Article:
Tuesday, February 5, 2013


When I was at the market this week I asked where the bean and alfalfa sprouts were. They told me they no longer carry them because they don't have a reliable source. This jogged my memory about having read something about contamination in sprouts. What does this have to do with the new book The Speedy Vegetable Gardener, by Mark Diacono and Lia Leendertz, you may ask.

The first section of their book entitled, Sprouts and Soaks, introduces the reader to the technique of sprouting their own seeds. The author goes on to explain that when the seed begins to sprout their proteins and vitamins become more digestible and therefore have greater nutritional value. No fancy equipment is needed to start the process but there are examples of products which would help. A selection of recipes for using the sprouts is provided. I covered a handful of almonds with water, soaked for 12 hours and drained. They truly were delicious even without the yoghurt and honey!
If you are missing those mung beans and sprouts in the supermarket maybe you would like to try your hand. Please make sure you buy from a reputable seed dealer. Several suppliers are listed at the back of the book.

Anyone who does vegetable gardening will be familiar with the next speedy vegetables: the micro greens. Here's a great idea. Because the seedling grow and are harvested in a short space of time the authors suggest growing them in guttering! In less than 10 days you will have nutritious micro greens with which to garnish that special dinner.

Nasturtium flowers
Years ago, on a garden visit,  I was offered a nasturtium flower to eat. It had a delicious peppery taste. This is one, but not the only flower suggestion for your salad bowl. Violas, chive, borage, pot marigold  and lavender are also flowers that will add flavor and pizazz to your salads. Just make sure that no chemicals have been used on the flowers. My favorite flower of all is the squash blossom. No need to wait for the squash themselves. Pick the flowers, add a savory filling, tempura batter and fry for a delicious snack.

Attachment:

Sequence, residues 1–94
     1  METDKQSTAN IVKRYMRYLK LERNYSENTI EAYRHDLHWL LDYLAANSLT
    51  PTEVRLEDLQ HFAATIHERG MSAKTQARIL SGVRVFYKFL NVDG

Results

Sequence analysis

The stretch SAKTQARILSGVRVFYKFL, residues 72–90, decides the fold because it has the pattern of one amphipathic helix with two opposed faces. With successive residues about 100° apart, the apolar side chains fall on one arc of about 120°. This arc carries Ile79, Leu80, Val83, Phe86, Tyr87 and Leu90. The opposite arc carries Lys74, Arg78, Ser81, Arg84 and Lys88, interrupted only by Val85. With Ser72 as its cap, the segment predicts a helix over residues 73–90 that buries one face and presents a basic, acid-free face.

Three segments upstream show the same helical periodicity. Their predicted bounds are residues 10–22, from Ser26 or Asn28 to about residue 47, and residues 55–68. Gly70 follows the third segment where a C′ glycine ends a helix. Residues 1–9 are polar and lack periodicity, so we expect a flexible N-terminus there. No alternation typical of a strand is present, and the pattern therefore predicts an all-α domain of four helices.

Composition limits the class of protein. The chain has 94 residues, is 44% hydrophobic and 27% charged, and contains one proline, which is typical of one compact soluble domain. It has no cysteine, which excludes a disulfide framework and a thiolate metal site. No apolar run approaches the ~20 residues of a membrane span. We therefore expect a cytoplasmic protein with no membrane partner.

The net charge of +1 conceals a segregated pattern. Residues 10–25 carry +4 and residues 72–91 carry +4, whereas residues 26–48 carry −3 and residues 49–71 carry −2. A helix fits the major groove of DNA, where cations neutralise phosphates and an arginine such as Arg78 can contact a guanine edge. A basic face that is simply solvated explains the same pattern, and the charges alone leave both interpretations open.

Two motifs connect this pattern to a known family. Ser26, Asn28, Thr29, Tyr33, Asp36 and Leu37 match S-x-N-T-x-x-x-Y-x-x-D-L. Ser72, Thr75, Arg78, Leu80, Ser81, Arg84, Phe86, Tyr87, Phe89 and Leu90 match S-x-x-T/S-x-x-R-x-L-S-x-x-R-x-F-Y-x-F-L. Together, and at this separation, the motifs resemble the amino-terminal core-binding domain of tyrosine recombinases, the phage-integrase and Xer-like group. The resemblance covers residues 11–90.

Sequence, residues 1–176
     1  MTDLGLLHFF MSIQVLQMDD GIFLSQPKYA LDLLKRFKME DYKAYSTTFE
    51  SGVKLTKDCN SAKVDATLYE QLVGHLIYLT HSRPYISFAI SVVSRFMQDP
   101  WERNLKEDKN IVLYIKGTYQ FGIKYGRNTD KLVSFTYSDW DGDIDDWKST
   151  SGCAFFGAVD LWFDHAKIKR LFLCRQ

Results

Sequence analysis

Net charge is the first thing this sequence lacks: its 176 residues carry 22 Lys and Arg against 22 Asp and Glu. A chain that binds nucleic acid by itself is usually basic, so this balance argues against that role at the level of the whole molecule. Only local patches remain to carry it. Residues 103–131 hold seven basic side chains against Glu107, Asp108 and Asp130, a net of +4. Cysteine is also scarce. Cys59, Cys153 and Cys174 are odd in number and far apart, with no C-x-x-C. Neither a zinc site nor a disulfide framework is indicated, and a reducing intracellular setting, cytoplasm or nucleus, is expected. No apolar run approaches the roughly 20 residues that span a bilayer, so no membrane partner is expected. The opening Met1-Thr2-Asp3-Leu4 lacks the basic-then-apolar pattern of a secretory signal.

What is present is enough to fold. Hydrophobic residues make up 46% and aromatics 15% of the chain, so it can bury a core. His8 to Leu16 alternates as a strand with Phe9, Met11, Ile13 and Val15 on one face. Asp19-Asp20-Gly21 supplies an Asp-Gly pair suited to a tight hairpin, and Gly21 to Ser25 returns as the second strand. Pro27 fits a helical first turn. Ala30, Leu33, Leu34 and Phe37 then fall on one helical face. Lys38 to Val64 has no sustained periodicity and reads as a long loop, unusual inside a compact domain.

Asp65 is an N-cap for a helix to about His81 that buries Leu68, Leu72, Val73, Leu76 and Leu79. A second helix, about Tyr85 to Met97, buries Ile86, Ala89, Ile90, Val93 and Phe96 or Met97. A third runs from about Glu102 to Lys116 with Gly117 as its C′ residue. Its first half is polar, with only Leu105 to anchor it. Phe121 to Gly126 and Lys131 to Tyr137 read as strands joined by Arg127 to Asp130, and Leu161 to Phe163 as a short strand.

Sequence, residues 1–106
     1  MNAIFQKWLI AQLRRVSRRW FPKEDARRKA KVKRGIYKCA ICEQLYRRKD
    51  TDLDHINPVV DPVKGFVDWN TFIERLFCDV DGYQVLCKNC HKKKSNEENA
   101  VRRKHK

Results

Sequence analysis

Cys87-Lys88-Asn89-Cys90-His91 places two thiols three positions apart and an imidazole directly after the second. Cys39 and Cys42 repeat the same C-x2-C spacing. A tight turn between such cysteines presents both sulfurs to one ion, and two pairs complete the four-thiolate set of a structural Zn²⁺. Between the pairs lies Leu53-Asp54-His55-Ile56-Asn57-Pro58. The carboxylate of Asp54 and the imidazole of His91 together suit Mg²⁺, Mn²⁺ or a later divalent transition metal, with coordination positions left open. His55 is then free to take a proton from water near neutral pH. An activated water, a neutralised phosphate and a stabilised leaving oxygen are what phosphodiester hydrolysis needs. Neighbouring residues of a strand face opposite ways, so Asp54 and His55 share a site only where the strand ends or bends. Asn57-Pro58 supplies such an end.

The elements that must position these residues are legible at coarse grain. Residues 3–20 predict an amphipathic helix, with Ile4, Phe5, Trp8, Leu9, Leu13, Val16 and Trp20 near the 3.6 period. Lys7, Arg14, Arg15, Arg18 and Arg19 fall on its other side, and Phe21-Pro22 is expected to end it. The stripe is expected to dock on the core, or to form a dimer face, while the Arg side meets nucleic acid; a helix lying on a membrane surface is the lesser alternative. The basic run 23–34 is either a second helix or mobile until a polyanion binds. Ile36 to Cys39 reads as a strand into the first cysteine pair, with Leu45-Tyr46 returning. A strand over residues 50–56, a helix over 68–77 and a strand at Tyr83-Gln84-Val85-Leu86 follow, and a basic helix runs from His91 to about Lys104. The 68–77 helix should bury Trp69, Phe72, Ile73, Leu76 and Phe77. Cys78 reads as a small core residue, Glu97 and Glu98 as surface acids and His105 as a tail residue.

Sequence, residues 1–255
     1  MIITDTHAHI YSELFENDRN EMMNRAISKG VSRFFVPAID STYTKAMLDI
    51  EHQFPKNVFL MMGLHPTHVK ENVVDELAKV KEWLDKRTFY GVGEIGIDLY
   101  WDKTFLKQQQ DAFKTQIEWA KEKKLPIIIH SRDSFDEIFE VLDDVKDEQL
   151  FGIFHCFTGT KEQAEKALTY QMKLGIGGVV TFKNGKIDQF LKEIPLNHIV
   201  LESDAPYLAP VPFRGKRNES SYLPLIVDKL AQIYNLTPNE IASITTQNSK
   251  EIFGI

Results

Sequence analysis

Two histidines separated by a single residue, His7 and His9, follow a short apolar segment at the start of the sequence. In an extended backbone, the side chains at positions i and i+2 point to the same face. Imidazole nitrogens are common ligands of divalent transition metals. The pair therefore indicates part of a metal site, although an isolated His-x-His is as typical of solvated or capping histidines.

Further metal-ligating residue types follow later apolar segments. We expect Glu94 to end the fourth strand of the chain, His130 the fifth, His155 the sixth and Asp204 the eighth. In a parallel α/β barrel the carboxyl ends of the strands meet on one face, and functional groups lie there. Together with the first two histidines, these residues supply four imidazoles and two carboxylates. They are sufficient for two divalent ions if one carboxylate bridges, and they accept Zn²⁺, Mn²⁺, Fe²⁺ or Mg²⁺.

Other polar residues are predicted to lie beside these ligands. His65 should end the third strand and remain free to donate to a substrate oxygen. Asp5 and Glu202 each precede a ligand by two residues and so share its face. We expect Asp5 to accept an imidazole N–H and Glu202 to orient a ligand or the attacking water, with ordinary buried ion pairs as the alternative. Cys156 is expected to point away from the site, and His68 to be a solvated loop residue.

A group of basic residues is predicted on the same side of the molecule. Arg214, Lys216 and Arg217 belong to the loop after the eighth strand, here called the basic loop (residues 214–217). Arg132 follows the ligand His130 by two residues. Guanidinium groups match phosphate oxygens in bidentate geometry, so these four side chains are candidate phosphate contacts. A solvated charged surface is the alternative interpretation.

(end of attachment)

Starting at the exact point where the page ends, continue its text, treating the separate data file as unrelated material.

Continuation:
Long before those zucchini are ready for the table you can enjoy the flowers. The authors offer their recipe for this favorite Italian dish.

Stuffed tempura courgette flowers

Stuffed and deep-fried in batter, courgette flowers are delicious. You can use cream cheese mixed with herbs for the stuffing, or, as here, cold risotto.

Serves 4
12 courgette flowers
2 cups cold risotto
sunflower oil for deep-frying
85g (⅔ cup) plain (all-purpose) flour
. teaspoon salt
200ml (⅞ cup) ice-cold water
Coarse sea salt, to serve

1 Remove the centres from the flowers and use a teaspoon to stuff each about two-thirds full with risotto.

2 When they are all prepared, start warming the oil in a deep-sided pan.

3 Meanwhile, make the batter, which should never be left to stand. Sift the flour and salt into a bowl and briefly whisk in the ice-cold water. Drop in a few ice cubes to keep it cool. Don’t worry if there are lumps of flour left in the mix as this adds to the crispiness.

4 Once the oil is hot (a piece of potato dropped in during heating will rise to the top when the temperature is right for frying), twist the tips of the flowers together and dip into the batter before lowering carefully into the oil. Fry for a few minutes, turning the flowers so that they are evenly brown on all sides. Lift out, drain on kitchen paper and serve immediately, sprinkled with coarse sea salt.

If you have a little more space then you can venture into growing some of the vegetables that require a little longer to harvest but still fit the bill of a quick crop. These include beets, carrots, cherry tomatoes and early potatoes. All can be grown in pots or in the ground.
The book is packed with ideas for plants can be grown in small spaces which gives the opportunity to the balcony or patio gardener to grow his own fresh produce. Then, more than 20 recipes to use your produce.

If you would like the opportunity to own this book I shall be giving a copy away to the lucky winner of my drawing which will take place on February 11. Just leave me a comment then check back on the 11th to see if you have won.


  1. I would love to check out this book, I'm starting a raised bed vegetable garden and would love to know more.

  2. I would love to win this book!

  3. Looks like an interesting book. Please enter my name.

  4. Well, this post has ignited a severe case of spring planting fever in me!The book sound great and the growing tips you described are ones that can easily fit into almost any want-to-be gardener's life.
    Please enter my name in your drawing.

    1. Judith, you are the winner. email me at jennyrockroseatgmaildotcom.

  5. I'd love to grow sprouts!! Need the How-to's first....give me a crack at that book! Thanks!

  6. Always looking for new info. Sounds like a great read. I would love to add it to the library.

  7. Fried zucchini flowers?! Count me in, please.